Gone are the days when politicians could survive a DWI conviction | Local News

State Representative Georgene Louis is out of step with the people she claims to serve. The same goes for the New Mexico Democratic Party due to its reaction to Louis’ recent legal troubles.

Santa Fe police arrested Louis for speeding on St. Francis Drive around 11:30 p.m. on Super Bowl Sunday. The seriousness of the case against her quickly escalated.

sergeant. Heinz De Luca smelled alcohol on Louis. How many drinks had she had?

“Two-ish,” said Louis, a Democrat from Albuquerque.

His tally went up after De Luca inquired about the day’s total. Louis said she drank two glasses of beer as well as vodka and soda, the amount was never specified.

“Let me look you in the eye,” the sergeant said to Louis. He described them as watery or glassy.

Louis attempted a diversionary tactic.

“So, like, I haven’t slept much because, uh, I’m not trying to say anything, but, like, I’m a legislator, so we haven’t slept much,” said Louis. , his rambling statement punctuated with a laugh.

De Luca had an unbiased response: “To me, you’re just another citizen, another driver, on the road.”

“Totally, totally, totally. We just didn’t get much sleep,” Louis said.

She dragged out a sobriety test by regularly failing to follow the sergeant’s instructions. Louis often complained about the “crazy cold” temperature, which she said was 36 degrees.

After initially refusing to take an alcohol test, Louis changed his mind. Its level was 0.17%, more than double the presumed intoxication limit for drivers. Police arrested her on suspicion of aggravated drunk driving.

I asked the New Mexico Democratic Party if Louis should stay in office and if State President Jessica Velasquez thought Louis had tried to improperly influence a police officer.

“We do not comment on these types of ongoing legal processes, but we support Ms. Louis as she focuses on her family and her health,” party spokeswoman Miranda van Dijk wrote in an email.

“I also wanted to point out on the merits that the officers have publicly stated that Ms. Louis cooperated fully with law enforcement. There is no evidence that she attempted to use her position as a legislator to influence these proceedings.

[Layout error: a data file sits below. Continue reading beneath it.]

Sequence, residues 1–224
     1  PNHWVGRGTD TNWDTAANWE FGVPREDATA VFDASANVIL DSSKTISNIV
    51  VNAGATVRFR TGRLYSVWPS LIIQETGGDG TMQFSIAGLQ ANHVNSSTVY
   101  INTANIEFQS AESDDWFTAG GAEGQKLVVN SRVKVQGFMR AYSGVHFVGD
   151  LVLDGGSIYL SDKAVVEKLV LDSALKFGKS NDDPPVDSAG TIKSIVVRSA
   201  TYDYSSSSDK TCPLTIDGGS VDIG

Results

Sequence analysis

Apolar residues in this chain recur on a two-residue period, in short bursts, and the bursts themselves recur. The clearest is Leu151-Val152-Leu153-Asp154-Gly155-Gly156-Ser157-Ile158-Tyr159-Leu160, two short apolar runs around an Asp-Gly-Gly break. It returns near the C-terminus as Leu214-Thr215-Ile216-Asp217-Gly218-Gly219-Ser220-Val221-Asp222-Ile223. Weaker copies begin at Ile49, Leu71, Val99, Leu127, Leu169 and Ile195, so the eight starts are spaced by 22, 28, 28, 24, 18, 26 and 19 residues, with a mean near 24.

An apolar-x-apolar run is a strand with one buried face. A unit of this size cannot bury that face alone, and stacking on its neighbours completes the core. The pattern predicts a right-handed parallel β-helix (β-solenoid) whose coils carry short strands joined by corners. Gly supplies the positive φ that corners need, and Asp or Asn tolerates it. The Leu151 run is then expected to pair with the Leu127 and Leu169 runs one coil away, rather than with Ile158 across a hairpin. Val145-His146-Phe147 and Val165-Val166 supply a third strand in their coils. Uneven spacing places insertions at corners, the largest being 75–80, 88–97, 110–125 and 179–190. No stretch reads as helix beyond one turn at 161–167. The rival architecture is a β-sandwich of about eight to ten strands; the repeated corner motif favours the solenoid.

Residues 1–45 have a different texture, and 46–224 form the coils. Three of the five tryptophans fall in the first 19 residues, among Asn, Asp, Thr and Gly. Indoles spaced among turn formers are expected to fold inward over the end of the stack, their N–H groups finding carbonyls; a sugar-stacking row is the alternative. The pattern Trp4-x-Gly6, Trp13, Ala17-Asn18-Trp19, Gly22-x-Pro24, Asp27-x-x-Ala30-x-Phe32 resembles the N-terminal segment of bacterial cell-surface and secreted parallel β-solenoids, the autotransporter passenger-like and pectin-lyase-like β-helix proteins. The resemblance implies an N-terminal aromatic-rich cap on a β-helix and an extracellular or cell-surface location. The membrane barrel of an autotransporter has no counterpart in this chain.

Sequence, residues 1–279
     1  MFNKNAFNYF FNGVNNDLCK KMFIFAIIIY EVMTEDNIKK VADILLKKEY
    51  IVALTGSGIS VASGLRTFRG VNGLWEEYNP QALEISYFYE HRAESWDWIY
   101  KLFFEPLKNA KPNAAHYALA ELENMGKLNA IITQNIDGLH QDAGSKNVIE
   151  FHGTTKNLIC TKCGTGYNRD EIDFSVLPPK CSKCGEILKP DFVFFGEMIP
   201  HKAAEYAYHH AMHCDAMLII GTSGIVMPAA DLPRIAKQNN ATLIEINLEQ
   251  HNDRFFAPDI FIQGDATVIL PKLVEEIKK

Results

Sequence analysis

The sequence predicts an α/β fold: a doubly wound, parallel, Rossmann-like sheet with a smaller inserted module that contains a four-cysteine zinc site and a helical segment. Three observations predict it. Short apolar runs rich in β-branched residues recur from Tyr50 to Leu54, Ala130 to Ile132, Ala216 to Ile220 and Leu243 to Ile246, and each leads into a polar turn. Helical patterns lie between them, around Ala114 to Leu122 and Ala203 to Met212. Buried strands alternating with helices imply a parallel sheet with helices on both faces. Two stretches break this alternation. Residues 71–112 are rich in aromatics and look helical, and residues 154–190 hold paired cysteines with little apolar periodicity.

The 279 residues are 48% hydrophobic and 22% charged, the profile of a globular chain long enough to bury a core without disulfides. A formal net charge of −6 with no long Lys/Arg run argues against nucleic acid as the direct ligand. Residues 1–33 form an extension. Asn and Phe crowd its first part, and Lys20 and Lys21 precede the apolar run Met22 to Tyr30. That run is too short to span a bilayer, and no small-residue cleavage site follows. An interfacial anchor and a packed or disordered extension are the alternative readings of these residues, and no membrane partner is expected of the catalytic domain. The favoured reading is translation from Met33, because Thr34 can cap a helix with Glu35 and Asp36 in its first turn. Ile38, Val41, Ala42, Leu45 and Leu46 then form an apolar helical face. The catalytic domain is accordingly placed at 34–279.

Not true. Louis’ mention of his elected office was gratuitous.

A 44-year-old lawyer, Louis knew that the position she held was irrelevant to the police investigation. The only question was whether Louis was intoxicated and therefore a danger to pedestrians, other drivers and herself.

There is more to this story regarding Louis’ political office.

Most New Mexico legislators display a special license plate on their vehicles with their district number. Not Louis. She kept her legislative license plate inside her car, so that it could not be seen by the police.

She did it, it seems, because she didn’t have a valid car registration document. She was also unable to provide proof of car insurance.

If her alibi was that her eyes were watery or glassy from lack of sleep, she peppered him with statements about her heavy workload as a lawmaker. Louis’ drinking had occurred on Super Bowl Sunday, when lawmakers had more downtime than usual.

Louis’ conduct was similar to that of the representative at the time. Monica Youngblood, R-Albuquerque, who was arrested in 2018 at a DWI checkpoint.

Albuquerque PD smelled alcohol on Youngblood. The cop asked about Youngblood’s training before explaining what his sobriety test would entail. Youngblood told her she was a state representative, which had nothing to do with her level of education.

Democrats blasted Youngblood. They had good reasons. But now they’re excusing Louis’ similar tactics and falsely claiming she was a model of co-operation with the police.

De Luca and a second officer repeatedly asked Louis to remove his glasses. Louis refused, even though no one expected her to read the fine print. Police had to monitor his eye movements to assess his sobriety, a job made more difficult by Louis wearing glasses.

There was a time when a politician could survive a drunk driving conviction.

So-Rep. Mimi Stewart, now acting president of the state Senate, pleaded guilty the same day of her arrest to drunk driving. But that was in 1999, when a lawmaker turned outlaw could retain power.

Stewart, D-Albuquerque, had led the way in legislation to shut down liquor store ATMs — a symbolic strike against drunk driving. Once arrested herself, she decided to plead guilty quickly and issue a public apology to stay in office.

It’s another era. Voters ousted Youngblood in 2018 and Senator Richard Martinez, D-Ojo Caliente, in 2020 after seriously injuring two people while driving drunk.

Louis may resign from the Legislative Assembly or try his luck in a re-election campaign this year. The only difference is whether she leaves voluntarily or if the voters fire her.

Ringside Seat is an opinion column about people, politics and current affairs. Contact Milan Simonich at [email protected] or 505-986-3080.

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